John Hanson Mitchell
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Author John Hanson Mitchell's subject matter ranges from natural and human history, to travel, memoir, biography, and gardening. No matter what the subject, he has become best known for his incisive characterizations, his evocations of time and place, and his unique lyrical style.

The Scratch Flat Chronicles
"Scratch Flat is and was the world"
-New York Times Book Review

Tresspassing Living at the End of Time Ceremonial Time

Mitchell is the "discoverer", as he says, of a country within a country, a single square mile of land in eastern Massachusetts that was known as Scratch Flat in the nineteenth century. Starting with the now classic cult account Ceremonial Time (1984), Mitchell has written five books which use the same tract of land in one way or another to address the larger issue of what it means to be living on earth in our time. 

This singular patch of land, with its deep historical shadows, its farms, and its resident wildlife has been used for twenty years as the metaphorical hunting grounds for Mitchell's explorations. Onto the anomalous, changing landscape of Scratch Flat,  Mitchell has thrown virtually all his creative efforts to explore the themes which have obsessed him all his life - time, place, and the endurance of the natural world.  He is, in the style of his hero and mentor, Henry Thoreau, a traveler in his own land; he never gets far beyond his square mile, and yet, according to the New York Time's Book Review, his work has provided  a "comprehensive view of America, past, present - and future".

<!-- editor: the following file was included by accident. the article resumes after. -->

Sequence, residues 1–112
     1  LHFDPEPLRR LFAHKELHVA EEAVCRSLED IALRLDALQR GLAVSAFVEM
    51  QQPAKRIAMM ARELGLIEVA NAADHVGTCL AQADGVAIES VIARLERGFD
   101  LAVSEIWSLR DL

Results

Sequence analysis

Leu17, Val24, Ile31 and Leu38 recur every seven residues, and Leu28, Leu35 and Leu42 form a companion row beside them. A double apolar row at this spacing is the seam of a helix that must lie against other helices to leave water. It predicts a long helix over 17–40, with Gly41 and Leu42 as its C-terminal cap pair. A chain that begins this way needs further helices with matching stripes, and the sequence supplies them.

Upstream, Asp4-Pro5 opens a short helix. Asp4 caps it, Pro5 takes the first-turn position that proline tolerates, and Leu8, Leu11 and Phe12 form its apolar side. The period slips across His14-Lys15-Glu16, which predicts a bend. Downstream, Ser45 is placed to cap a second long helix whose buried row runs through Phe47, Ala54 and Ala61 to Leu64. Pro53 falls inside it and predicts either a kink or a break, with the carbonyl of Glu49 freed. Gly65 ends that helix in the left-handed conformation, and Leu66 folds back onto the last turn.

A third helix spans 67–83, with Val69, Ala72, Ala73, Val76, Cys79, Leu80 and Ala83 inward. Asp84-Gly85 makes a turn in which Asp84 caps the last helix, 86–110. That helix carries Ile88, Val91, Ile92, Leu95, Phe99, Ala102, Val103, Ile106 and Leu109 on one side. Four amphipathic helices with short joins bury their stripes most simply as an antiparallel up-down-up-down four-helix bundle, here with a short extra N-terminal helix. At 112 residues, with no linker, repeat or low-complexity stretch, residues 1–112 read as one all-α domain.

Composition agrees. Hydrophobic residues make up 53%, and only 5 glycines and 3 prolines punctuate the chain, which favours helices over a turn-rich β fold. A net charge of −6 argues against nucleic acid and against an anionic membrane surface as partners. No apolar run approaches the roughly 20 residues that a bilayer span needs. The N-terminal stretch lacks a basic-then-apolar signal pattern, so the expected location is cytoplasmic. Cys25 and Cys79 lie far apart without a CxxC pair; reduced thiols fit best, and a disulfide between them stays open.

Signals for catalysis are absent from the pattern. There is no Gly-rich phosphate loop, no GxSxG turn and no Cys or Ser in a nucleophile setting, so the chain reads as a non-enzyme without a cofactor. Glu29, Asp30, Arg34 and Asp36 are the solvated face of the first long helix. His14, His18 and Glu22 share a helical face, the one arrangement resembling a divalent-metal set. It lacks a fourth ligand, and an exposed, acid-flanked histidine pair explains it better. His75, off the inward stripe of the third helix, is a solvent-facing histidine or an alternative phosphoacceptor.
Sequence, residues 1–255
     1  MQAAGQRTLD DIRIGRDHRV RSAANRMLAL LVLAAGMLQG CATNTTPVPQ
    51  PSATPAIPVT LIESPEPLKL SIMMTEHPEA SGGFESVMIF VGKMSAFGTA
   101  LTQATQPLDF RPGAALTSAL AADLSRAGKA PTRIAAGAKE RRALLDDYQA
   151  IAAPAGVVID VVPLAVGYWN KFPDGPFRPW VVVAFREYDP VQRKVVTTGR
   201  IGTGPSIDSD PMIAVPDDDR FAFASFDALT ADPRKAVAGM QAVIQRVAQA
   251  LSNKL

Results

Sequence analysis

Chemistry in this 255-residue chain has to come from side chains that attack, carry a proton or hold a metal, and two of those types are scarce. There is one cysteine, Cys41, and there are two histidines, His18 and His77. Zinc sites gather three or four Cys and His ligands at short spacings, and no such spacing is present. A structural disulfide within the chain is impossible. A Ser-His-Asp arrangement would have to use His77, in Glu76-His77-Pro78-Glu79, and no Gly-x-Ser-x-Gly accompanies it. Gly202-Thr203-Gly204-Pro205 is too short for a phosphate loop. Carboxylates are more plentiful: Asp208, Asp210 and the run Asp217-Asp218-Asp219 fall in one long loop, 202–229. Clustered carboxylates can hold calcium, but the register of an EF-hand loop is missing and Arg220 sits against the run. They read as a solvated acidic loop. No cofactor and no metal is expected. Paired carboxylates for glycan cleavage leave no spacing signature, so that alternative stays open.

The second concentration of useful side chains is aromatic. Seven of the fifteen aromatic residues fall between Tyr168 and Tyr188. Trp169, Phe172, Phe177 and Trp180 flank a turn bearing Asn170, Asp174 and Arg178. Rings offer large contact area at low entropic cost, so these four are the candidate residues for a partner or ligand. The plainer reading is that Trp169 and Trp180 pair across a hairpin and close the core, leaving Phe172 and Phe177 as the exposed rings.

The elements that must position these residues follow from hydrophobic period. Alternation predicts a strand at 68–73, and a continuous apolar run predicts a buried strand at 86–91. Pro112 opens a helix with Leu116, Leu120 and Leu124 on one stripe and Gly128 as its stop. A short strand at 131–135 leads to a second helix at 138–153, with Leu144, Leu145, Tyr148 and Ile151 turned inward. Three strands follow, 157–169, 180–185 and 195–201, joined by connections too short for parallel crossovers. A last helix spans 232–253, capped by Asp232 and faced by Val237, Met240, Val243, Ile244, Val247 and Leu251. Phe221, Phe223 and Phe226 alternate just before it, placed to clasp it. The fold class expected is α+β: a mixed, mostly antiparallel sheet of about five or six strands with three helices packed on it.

Legends of the Common Stream

“Mitchell weaves history, natural history, culture, environmental issues, myths, folklore, religion—in powerful, dynamic ways, all while visiting intimate Beaver Brook. I have not read another book that so intimately ties together so many strands so effectively. Mitchell takes these strands and braids a beautiful book.”
Sean Prentiss, author of Finding Abbey


Newest Work:

Legends of the Common Stream
Bright Leaf, 2021

For over twenty years, John Hanson Mitchell has visited Beaver Brook almost daily. This small, slow-flowing Massachusetts stream was of vital importance for early settlers and an indispensable resource for the Native peoples who lived and fished along its shores, but it has been largely forgotten in our own time. Revisiting the river’s oxbows, bends, and marshes over the course of a year, Legends of the Common Stream combines a natural history of Beaver Brook with a study of the people who lived on this land and a meandering, but stunning, examination of the myths and legends that can help us to better understand humanity’s relationship to the natural world.

While Mitchell never leaves the brook’s shores, he draws from a range of traditions and takes readers on excursions to regions and cultures across the globe and across time, making the case that our contemporary separation from nature goes hand in hand with our alienation from the world of myth. This book seeks to restore these broken relationships and offers the reminder that while cultures may come and go, the stream goes on forever.